sarnie wrote (see) i work 40 hours a week so finding the time train will be difficult, Look at it this way: There are 168 hours in a week. Minus 40 for work, call it 50 in case you have to factor in an hour's commute each way. Then minus another 56 for sleeping 8 hours a night. That leaves you 62 hours. Half as much again as you have to spend at work! Yes, making the time to train in an otherwise busy life can be problematic, but it's usually due to inefficient time management, not actual lack of time. Says the person who got up early to take the dogs out running and then wasted an hour watching Jeremy Kyle...
Great post RWD.
Another approach is to do what I did and trim some time out of your sleep. Sleep is important so I wouldn't suggest doing this if you only get 6 hours a night as it is but I was often spending 8.5 hours in bed. I just decided that I could probably funtion happily off less than that so started getting half an hour earlier than normal to run and then that eventually became an hour. I now operate absolutely fine off 7.5 hours bed time and lose no more than an hour or two a week due to running from the free time that I used to have.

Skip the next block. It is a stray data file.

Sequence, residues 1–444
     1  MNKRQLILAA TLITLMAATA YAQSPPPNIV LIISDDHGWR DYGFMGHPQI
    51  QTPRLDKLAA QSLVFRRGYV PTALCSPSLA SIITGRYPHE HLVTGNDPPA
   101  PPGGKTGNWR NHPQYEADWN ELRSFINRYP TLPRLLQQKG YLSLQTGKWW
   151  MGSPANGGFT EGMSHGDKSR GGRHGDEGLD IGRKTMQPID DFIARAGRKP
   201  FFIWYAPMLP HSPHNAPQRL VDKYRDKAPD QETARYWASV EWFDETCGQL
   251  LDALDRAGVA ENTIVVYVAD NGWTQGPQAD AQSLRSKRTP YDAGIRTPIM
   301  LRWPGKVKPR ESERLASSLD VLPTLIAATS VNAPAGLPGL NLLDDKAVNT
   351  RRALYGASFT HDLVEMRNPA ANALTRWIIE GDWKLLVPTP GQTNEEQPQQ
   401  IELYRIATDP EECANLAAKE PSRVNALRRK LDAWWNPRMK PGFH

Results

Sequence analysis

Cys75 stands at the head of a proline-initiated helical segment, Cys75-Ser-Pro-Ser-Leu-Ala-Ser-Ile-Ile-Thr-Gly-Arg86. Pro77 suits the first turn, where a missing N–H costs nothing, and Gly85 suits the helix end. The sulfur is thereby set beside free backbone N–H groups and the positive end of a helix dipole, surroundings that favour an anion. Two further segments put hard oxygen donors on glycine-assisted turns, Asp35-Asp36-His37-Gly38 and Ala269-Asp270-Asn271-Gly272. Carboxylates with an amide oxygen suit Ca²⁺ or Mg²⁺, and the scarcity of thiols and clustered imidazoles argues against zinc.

Regardless of that though, regular exercise should be considered by all of us as one of the most important things we do with our free time.
Fitting in training around a 40-hour work week shouldn't be a problem unless your commute is extremely long or you have a large number of other committments. However, you do need to decide to make traing a priority over, for example, watching TV. The sub-3.45 programme I followed for M'cr last year started at about four hours of running per week and reached a maximum of about 8 hours a week(of which four hours was at the weekend). I too work 40 hours a week and I had no problem fitting in the running, althoough I had worried about that before I started the training. If you -do- have a long commute, can you replace part of it with running?
i have a running schedule that i plan to use, so as from the weekend the training begins, (now the chest infection has nearly cleared up) i think i was a little nervous and worried that i can't do the distance but after being here i am more focused,